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The efficacy and safety of febuxostat for urate lowering in gout patients ≥65 years of age.

Jackson RL, Hunt B, MacDonald PA - BMC Geriatr (2012)

Bottom Line: Febuxostat 40 mg was also superior to allopurinol in this population (p = 0.029).In subjects with mild-to-moderate renal impairment, significantly greater ULT efficacy was observed with febuxostat 40 mg (61.6%; p = 0.028) and febuxostat 80 mg (82.5%; p < 0.001) compared to allopurinol 200/300 mg (46.9%).These data suggest that either dose of febuxostat is superior to commonly prescribed fixed doses of allopurinol (200/300 mg) in subjects ≥65 years of age with high rates of renal dysfunction.

View Article: PubMed Central - HTML - PubMed

Affiliation: Takeda Global Research & Development Centers, Inc, One Takeda Parkway, Deerfield, Illinois 60015, USA. Robert.Jackson@takeda.com

ABSTRACT

Background: The incidence of gout rises with increasing age. Management of elderly (≥65 years) gout patients can be challenging due to high rates of comorbidities, such as renal impairment and cardiovascular disease, and concomitant medication use. However, there is little data specifically addressing the efficacy and safety of available urate-lowering therapies (ULT) in the elderly. The objective of this post hoc analysis was to examine the efficacy and safety of ULT with febuxostat or allopurinol in a subset of elderly subjects enrolled in the CONFIRMS trial.

Methods: Hyperuricemic (serum urate [sUA] levels ≥ 8.0 mg/dL) gout subjects were enrolled in the 6-month, double-blind, randomized, comparative CONFIRMS trial and randomized, 1:1:1, to receive febuxostat, 40 mg or 80 mg, or allopurinol (200 mg or 300 mg based on renal function) once daily. Flare prophylaxis was provided throughout the study duration.Study endpoints were the percent of elderly subjects with sUA <6.0 mg/dL at the final visit, overall and by renal function status, percent change in sUA from baseline to final visit, flare rates, and rates of adverse events (AEs).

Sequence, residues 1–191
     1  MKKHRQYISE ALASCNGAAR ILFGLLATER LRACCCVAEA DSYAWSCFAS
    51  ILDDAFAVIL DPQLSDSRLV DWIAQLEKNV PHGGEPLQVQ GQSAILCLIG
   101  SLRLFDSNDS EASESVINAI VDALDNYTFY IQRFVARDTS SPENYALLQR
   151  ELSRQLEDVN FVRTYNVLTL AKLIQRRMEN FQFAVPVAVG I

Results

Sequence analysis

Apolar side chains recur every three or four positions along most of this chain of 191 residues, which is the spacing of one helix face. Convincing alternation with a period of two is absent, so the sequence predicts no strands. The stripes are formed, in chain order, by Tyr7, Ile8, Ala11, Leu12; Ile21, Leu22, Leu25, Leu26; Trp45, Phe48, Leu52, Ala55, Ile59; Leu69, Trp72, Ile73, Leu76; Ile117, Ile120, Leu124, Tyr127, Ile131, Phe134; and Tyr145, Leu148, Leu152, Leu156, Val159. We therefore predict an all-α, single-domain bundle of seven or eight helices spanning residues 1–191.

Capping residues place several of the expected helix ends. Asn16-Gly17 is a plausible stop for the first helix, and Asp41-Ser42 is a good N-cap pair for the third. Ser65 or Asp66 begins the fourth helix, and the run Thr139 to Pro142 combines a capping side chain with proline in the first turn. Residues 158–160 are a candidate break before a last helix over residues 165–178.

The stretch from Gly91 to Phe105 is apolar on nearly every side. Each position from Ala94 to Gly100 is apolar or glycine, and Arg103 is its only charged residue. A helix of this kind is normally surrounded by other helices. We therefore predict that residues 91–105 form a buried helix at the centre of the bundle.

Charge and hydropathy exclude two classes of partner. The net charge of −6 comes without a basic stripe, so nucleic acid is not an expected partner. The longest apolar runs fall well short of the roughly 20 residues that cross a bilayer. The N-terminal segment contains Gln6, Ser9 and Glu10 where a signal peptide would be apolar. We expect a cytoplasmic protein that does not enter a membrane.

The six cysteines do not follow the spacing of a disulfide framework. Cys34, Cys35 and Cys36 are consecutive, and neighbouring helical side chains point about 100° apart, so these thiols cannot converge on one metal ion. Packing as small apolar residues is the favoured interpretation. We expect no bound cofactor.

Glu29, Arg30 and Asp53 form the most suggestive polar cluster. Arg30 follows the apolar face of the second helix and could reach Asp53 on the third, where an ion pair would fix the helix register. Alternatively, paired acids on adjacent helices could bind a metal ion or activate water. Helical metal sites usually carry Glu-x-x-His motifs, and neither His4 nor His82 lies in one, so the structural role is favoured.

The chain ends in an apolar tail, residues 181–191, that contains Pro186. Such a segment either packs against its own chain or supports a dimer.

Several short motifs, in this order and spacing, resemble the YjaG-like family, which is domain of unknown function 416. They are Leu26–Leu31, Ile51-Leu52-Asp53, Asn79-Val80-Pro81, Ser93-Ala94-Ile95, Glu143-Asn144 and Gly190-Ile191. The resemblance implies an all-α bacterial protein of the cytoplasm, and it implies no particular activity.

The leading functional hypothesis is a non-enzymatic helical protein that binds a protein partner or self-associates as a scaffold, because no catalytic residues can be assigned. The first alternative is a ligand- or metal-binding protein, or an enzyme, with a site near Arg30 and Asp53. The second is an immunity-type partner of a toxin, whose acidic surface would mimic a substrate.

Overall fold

Results: Of 2,269 subjects enrolled, 374 were elderly. Febuxostat 80 mg was significantly more efficacious (82.0%) than febuxostat 40 mg (61.7%; p < 0.001) or allopurinol (47.3%; p < 0.001) for achieving the primary efficacy endpoint. Febuxostat 40 mg was also superior to allopurinol in this population (p = 0.029). In subjects with mild-to-moderate renal impairment, significantly greater ULT efficacy was observed with febuxostat 40 mg (61.6%; p = 0.028) and febuxostat 80 mg (82.5%; p < 0.001) compared to allopurinol 200/300 mg (46.9%). Compared to allopurinol 200/300 mg, the mean percent change in sUA from baseline was significantly greater for both febuxostat 80 mg (p < 0.001) and febuxostat 40 mg (p = 0.011) groups. Flare rates declined steadily in all treatment groups. Rates of AEs were low and comparable across treatments.